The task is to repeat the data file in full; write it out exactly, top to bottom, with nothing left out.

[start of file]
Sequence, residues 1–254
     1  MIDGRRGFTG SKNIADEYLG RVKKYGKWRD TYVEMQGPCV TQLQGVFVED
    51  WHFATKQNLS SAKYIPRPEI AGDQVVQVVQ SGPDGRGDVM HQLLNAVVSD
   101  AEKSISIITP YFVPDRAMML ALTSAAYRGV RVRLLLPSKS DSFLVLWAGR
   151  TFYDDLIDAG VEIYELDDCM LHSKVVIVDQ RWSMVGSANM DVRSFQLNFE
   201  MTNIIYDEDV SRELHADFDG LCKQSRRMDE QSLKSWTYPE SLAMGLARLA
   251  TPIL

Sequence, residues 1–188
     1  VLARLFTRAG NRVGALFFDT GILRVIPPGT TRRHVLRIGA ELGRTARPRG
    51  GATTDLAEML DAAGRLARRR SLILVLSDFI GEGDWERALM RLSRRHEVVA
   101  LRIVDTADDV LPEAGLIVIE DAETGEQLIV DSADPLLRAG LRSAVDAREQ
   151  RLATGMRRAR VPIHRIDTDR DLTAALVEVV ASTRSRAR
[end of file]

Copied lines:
Sequence, residues 1–254
     1  MIDGRRGFTG SKNIADEYLG RVKKYGKWRD TYVEMQGPCV TQLQGVFVED
    51  WHFATKQNLS SAKYIPRPEI AGDQVVQVVQ SGPDGRGDVM HQLLNAVVSD
   101  AEKSISIITP YFVPDRAMML ALTSAAYRGV RVRLLLPSKS DSFLVLWAGR
   151  TFYDDLIDAG VEIYELDDCM LHSKVVIVDQ RWSMVGSANM DVRSFQLNFE
   201  MTNIIYDEDV SRELHADFDG LCKQSRRMDE QSLKSWTYPE SLAMGLARLA
   251  TPIL

Sequence, residues 1–188
     1  VLARLFTRAG NRVGALFFDT GILRVIPPGT TRRHVLRIGA ELGRTARPRG
    51  GATTDLAEML DAAGRLARRR SLILVLSDFI GEGDWERALM RLSRRHEVVA
   101  LRIVDTADDV LPEAGLIVIE DAETGEQLIV DSADPLLRAG LRSAVDAREQ
   151  RLATGMRRAR VPIHRIDTDR DLTAALVEVV ASTRSRAR